Well, in some cases, a constant might be faster.
     
    Rolf Magnus, Nov 11, 2005
    #4
  5. nilavya

    nilavya Guest

    thanks for the Quick replies.

    I got the difference between #define and const.

    One final question, I have one class, and there are some variables
    which has specific values which does not change. So do I need to
    declare that variables inside the class as constant or outside the
    class. AFAIK if I declare it outside it will be global, which is not a
    good design. For example...

    class CTemp
    {
    const unsigned nSomeValue = 100;
    void SomeFunction();
    };

    const unsigned nSomeValue = 100;
    class CTemp
    {
    void SomeFunction();
    };

    And my class CTemp, is dynamically allocated when application starts,
    and is deleted when application is exited. Can any one throw some
    lights on it.. Please...

    Thanks,
    With Regards.
    Bhagat Nirav K.
     
    nilavya, Nov 11, 2005
    #5
  6. nilavya

    suresh Guest

    nilavya wrote:
    > thanks for the Quick replies.
    >
    > I got the difference between #define and const.
    >
    > One final question, I have one class, and there are some variables
    > which has specific values which does not change. So do I need to
    > declare that variables inside the class as constant or outside the
    > class. AFAIK if I declare it outside it will be global, which is not a
    > good design. For example...
    >
    > class CTemp
    > {
    > const unsigned nSomeValue = 100;
    > void SomeFunction();
    > };
    >


    It depends on how the nSomeValue related to the class. If it is bound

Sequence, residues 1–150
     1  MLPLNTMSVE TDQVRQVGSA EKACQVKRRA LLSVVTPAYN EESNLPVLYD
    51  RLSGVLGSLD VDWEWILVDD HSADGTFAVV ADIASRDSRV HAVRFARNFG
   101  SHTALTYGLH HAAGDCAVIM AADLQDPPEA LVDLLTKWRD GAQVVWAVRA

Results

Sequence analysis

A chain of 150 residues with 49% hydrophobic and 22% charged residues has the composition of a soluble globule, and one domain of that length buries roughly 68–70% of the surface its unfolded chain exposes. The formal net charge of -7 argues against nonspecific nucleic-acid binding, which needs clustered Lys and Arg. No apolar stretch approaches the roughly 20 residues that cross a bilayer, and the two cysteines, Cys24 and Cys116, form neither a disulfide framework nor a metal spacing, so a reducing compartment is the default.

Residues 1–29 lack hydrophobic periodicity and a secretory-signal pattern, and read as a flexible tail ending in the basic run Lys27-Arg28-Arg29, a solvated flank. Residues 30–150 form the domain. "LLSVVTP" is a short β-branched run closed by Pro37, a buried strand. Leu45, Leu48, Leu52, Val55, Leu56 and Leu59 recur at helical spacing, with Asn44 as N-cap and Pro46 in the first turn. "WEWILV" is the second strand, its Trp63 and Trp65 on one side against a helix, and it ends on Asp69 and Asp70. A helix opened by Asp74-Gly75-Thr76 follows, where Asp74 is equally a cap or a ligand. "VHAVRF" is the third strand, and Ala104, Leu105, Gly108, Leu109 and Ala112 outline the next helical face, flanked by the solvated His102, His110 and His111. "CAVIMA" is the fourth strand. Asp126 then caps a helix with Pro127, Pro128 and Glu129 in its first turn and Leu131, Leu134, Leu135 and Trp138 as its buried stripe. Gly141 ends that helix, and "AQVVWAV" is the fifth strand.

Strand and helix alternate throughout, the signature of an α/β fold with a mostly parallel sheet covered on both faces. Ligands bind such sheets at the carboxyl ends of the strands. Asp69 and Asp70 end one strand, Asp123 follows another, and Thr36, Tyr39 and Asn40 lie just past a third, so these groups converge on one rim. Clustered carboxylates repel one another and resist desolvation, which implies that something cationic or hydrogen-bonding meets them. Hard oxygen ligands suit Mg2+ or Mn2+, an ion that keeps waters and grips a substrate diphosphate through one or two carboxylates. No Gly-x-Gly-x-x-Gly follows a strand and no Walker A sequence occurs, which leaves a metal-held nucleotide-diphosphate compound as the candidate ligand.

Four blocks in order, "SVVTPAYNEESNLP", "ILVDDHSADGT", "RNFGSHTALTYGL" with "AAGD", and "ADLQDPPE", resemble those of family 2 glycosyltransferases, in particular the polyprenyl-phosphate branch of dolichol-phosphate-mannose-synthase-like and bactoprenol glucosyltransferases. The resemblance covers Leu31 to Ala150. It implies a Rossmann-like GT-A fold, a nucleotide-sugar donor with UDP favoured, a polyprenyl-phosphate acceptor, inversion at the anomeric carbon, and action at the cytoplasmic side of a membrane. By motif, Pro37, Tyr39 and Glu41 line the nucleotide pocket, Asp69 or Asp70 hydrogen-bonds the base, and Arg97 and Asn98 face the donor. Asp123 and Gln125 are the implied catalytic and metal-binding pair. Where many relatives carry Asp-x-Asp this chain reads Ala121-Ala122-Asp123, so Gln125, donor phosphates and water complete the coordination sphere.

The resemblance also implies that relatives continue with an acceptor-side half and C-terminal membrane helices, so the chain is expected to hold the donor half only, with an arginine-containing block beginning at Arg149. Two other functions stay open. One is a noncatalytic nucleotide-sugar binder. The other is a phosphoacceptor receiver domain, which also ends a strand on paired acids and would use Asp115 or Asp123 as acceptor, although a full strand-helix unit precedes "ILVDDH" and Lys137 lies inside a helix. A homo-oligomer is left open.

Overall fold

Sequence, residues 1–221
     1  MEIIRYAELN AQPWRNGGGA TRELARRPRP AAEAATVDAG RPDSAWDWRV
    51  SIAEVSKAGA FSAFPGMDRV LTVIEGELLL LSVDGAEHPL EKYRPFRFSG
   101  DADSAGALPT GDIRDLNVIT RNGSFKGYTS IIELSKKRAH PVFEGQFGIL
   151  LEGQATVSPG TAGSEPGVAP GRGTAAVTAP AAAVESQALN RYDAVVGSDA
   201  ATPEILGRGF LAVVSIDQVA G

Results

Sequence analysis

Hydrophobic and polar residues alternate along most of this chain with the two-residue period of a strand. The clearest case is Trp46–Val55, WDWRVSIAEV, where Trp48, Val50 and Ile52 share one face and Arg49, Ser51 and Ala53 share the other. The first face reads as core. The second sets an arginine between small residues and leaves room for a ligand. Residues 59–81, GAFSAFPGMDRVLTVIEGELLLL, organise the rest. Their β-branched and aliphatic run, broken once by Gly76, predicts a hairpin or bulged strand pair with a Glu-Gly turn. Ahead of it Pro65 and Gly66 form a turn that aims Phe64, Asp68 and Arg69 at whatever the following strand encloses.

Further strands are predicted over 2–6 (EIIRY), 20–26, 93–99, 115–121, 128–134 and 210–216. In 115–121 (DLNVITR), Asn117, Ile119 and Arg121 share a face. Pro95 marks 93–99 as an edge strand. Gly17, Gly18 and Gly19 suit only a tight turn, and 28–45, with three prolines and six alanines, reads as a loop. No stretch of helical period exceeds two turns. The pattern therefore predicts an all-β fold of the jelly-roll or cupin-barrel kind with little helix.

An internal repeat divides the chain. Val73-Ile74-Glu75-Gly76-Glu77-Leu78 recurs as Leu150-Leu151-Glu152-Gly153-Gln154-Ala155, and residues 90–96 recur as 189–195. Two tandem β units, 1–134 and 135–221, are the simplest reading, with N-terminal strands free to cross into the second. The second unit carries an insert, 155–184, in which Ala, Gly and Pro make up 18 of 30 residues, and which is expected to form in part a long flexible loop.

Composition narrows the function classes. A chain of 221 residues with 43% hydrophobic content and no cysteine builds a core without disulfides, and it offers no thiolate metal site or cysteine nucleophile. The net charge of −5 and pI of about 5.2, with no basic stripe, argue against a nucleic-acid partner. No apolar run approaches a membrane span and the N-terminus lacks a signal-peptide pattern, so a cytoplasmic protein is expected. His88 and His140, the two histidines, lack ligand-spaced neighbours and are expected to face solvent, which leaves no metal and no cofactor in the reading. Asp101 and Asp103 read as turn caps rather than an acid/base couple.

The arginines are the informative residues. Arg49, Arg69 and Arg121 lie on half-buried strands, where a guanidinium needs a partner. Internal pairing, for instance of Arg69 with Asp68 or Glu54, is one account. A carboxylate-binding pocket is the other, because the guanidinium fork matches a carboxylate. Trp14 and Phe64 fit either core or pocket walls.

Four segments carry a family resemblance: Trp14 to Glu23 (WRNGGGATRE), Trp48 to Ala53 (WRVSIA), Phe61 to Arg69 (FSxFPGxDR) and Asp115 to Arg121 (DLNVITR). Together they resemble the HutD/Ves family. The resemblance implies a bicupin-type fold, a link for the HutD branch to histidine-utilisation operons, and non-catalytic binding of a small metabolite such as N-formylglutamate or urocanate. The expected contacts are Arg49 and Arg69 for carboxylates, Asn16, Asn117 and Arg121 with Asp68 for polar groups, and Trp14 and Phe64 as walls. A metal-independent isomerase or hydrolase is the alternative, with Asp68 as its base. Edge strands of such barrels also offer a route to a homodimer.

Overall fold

to the class and not to the object (ie. It is going to be constant for
    all the objects of that class) then use "static const". And the
    syntax for initializing this is little different.
    If the nSomeValue is bound to each object (ie. It is constant for an
    object but can be different for different objects) then use "const"
    as you have declared and should be initialized during construction of
    the object.


    > const unsigned nSomeValue = 100;
    > class CTemp
    > {
    > void SomeFunction();
    > };
    >


    This is not a good idea unless it is not at all related to the class.
    (also prefer to use static if you are looking for symbalic constant
    equalant - otherwise it will occupy some memory)

    You can also use enums when you have list of realted symbalic
    constants.

    > And my class CTemp, is dynamically allocated when application starts,
    > and is deleted when application is exited. Can any one throw some
    > lights on it.. Please...
    >
    > Thanks,
    > With Regards.
    > Bhagat Nirav K.
     
    suresh, Nov 11, 2005
    #6
  7. nilavya

    nilavya Guest

    Thanks for the Extremely Fast Reply.

    Thanks,
    With Regards,
    Bhagat Nirav K.
     
    nilavya, Nov 11, 2005
    #7
  8. nilavya <> wrote:
    > class CTemp
    > {
    > const unsigned nSomeValue = 100;

    ^
    you need to put "static" keyword here, otherwise it will not compile.


    B.
     
    Bronek Kozicki, Nov 11, 2005
    #8
  9. nilavya

    Greg Comeau Guest

    In article <>,
    nilavya <> wrote:
    >Hi Gurus,
    >
    >Since I learned C++, way back in 2002, I always had a doubt about the
    >different types of storage in C++. We have "const", "static" ,
    >"#define" for one or other purpose. Now I have a eVC++ application
    >running on WINCE. This application has many classes, some are
    >initialized dynamically and others statically. I have one class which
    >has many constant values which does not change. So I have #define 'ed
    >those variables. But I have read the Code Insection Guidelines, and it
    >is mentioned that #define shouldnt be used in C++, instead one should
    >use "const unsigned or signed". What difference does it make in using a
    >value as "const unsigned" and "#define". How does this affect memory
    >usage and CPU usage.


    This may not answer every question you have, but have a look at

    http://www.comeaucomputing.com/techtalk/#definevsconst
    --
    Greg Comeau / Celebrating 20 years of Comeauity!
    Comeau C/C++ ONLINE ==> http://www.comeaucomputing.com/tryitout
    World Class Compilers: Breathtaking C++, Amazing C99, Fabulous C90.
    Comeau C/C++ with Dinkumware's Libraries... Have you tried it?
     
    Greg Comeau, Nov 11, 2005
    #9